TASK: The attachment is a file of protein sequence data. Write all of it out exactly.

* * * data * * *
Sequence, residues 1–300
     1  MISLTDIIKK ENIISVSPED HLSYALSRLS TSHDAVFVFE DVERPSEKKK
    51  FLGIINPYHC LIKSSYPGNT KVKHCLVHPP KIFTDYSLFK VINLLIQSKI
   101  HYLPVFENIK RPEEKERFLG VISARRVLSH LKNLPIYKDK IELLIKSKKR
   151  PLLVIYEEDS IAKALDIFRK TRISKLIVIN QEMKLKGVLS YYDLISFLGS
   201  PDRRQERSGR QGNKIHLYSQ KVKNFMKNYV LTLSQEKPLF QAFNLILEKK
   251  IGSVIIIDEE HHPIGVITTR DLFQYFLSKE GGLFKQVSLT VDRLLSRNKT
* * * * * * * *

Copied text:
Sequence, residues 1–300
     1  MISLTDIIKK ENIISVSPED HLSYALSRLS TSHDAVFVFE DVERPSEKKK
    51  FLGIINPYHC LIKSSYPGNT KVKHCLVHPP KIFTDYSLFK VINLLIQSKI
   101  HYLPVFENIK RPEEKERFLG VISARRVLSH LKNLPIYKDK IELLIKSKKR
   151  PLLVIYEEDS IAKALDIFRK TRISKLIVIN QEMKLKGVLS YYDLISFLGS
   201  PDRRQERSGR QGNKIHLYSQ KVKNFMKNYV LTLSQEKPLF QAFNLILEKK
   251  IGSVIIIDEE HHPIGVITTR DLFQYFLSKE GGLFKQVSLT VDRLLSRNKT